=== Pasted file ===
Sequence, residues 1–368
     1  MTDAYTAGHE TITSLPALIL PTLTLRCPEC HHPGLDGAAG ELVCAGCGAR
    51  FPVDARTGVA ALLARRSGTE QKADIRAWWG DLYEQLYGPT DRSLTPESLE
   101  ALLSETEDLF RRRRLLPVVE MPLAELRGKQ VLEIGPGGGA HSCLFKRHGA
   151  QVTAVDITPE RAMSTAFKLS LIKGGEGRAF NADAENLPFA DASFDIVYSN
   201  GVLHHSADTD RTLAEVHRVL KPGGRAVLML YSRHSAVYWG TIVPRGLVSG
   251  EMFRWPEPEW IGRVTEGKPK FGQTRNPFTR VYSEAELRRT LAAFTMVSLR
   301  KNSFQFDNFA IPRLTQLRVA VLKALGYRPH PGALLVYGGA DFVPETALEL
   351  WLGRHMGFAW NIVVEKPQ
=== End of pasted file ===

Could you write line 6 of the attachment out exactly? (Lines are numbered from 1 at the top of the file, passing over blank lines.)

   201  GVLHHSADTD RTLAEVHRVL KPGGRAVLML YSRHSAVYWG TIVPRGLVSG